Michael Pitt as Herve Joncour
Keira Knightley as Helene Joncour
Alfred Molina as Baldabiou
Sei Ashina as The Mistress
Koji Yakusho as Hara Jubei
Miki Nakatani as Madam Blanche
Directed by François Girard
There is a great difference between films with actual depth and those that simply ape the attributes of sincere filmmaking. Sadly, “Silk” falls into the latter category. Adapted from Alessandro Baricco’s novel of the same name, “Silk” tells the story of a military officer named Herve (Michael Pitt) who, under orders from a wealthy French merchant (Alfred Molina), makes the arduous journey to Japan to trade for silk eggs suitable for replacing the incurably diseased French supply of silkworms. Once he reaches Japan, he becomes intoxicated with its many attractions, most notably one particular young concubine (Sei Ashina) who threatens to topple his blissful marriage to Helene (Keira Knightley).
If there is any joy to this film it is certainly in its visual splendor. Baricco’s work provides elegant period details and multiple international settings which are perfectly suited to be captured in stunning tableaus. From the lush lives of French aristocrats to the more barren side of Japanese tradesmen, the film creates beautiful, portrait-like scenes of extreme beauty. Director François Girard (“The Red Violin”) has a dramatic flair for filming landscapes and intricately dressed sets with atmospheric grace. This is, no doubt, a pretty film to look at.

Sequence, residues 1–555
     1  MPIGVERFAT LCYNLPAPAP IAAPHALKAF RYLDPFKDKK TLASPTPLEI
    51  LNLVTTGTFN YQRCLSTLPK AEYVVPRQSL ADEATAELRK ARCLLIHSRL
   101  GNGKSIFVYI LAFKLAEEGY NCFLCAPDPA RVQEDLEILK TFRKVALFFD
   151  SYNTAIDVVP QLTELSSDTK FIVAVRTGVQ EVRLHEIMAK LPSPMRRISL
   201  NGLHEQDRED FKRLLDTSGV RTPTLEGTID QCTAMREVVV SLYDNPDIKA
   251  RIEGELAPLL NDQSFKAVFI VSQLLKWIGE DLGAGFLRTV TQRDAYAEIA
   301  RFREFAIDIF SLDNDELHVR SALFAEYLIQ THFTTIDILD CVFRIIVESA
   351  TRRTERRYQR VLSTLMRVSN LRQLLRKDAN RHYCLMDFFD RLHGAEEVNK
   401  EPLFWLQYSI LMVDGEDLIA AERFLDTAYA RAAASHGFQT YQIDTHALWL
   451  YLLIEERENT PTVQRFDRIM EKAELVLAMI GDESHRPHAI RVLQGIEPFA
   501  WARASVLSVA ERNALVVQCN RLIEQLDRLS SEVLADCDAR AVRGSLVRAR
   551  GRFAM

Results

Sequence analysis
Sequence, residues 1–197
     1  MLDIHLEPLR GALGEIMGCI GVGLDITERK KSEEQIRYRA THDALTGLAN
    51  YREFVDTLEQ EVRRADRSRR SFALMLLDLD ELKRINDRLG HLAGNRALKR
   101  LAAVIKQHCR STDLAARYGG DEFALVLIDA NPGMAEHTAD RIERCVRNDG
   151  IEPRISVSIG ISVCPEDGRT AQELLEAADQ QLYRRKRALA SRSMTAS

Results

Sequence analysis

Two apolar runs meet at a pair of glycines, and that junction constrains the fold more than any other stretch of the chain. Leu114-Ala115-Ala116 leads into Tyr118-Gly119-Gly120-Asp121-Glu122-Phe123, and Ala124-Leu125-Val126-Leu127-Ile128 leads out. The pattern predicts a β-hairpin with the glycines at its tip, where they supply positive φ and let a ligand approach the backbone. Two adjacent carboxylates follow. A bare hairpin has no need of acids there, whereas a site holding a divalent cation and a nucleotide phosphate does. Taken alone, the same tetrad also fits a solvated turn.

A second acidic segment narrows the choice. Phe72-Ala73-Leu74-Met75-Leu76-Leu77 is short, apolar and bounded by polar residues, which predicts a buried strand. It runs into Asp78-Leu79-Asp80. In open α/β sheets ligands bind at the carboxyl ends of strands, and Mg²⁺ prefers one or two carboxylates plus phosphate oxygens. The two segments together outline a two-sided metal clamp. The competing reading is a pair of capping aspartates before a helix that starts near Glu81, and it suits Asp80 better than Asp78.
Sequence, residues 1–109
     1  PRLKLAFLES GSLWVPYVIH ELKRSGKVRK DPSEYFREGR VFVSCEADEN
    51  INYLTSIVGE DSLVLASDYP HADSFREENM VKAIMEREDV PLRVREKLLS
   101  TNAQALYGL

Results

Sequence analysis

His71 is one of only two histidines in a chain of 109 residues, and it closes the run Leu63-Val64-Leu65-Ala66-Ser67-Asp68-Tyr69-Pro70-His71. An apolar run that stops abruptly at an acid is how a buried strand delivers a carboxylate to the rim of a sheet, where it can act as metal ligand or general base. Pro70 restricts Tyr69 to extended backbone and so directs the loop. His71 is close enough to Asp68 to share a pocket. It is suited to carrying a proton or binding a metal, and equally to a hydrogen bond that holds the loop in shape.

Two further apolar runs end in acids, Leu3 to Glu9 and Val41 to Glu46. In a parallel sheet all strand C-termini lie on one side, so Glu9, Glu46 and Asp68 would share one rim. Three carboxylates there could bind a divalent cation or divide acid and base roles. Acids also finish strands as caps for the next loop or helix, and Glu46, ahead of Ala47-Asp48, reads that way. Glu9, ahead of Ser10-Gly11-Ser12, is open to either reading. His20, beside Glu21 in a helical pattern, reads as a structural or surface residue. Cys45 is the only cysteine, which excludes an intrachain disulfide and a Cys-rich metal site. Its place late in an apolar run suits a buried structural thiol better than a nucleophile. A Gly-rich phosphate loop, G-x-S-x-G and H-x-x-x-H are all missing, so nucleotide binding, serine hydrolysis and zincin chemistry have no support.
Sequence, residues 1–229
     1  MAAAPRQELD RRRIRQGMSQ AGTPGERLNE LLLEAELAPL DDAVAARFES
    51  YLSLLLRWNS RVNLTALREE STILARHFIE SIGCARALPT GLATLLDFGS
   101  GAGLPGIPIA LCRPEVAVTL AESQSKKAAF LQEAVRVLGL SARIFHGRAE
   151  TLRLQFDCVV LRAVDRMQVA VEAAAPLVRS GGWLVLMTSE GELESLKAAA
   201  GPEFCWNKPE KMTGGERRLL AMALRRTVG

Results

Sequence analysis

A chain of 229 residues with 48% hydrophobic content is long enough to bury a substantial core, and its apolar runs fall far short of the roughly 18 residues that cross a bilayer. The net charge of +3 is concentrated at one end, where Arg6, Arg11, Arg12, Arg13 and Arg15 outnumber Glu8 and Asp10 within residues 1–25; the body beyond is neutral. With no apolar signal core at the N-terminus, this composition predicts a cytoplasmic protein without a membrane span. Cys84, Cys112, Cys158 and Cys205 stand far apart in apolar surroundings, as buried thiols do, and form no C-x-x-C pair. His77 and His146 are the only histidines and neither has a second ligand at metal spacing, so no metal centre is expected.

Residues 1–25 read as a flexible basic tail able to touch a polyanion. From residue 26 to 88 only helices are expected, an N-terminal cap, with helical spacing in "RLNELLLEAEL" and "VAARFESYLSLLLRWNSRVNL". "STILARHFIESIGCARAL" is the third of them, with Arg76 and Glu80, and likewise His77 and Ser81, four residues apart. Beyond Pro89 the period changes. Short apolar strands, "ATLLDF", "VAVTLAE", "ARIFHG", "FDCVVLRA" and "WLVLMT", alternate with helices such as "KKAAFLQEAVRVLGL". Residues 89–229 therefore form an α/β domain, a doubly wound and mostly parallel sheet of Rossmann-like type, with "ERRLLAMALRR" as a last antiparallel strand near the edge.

This, of course, makes it especially sad to note that despite its loveliness, the film is an outright snoozer. There is not even the faintest trace of believable emotion in any of these characters. It rings false from start to finish with disappointingly flat performances from the talented cast. Pitt and Knightley could easily rank in anyone’s top 10 picks for the best of young Hollywood, but here they both deliver their lines with a dullness akin to a bad high school production of a classic text. Herve’s love for Helene is grounded in nothing more than a narration by Herve telling us he loves her. We see them smile and we see them making small talk together. What we never see is a scene in which the connection between the two is illuminated to a satisfying extent, something to make us feel the pangs of disappointment when Herve betrays his beloved wife while lingering in Japan with his concubine. Though, that’s not to say that this second relationship is made to seem any more sensible. For someone so in love with his wife, Herve seems to have no remorse in almost instantaneously bedding his new female obsession. And it’s not a particularly scintillating love affair either. The film is, in every respect, passionless, a vacantly beautiful mess that makes no coherent sense. It feels often like a mixed up jumble of crisscrossing plots and emotions, sort of like reading the Cliffs Notes to a novel that’s too grand and complex to be reduced to a barebones storytelling vessel. Somewhere buried beneath the interminable monotony is the kernel of an idea for a much more impressive film but what exists here is merely a lovely exterior with absolutely no soul, the cinematic equivalent of fine china, pleasing to the eyes but not at all functional or remarkable beyond its general suggestion of sophisticated taste.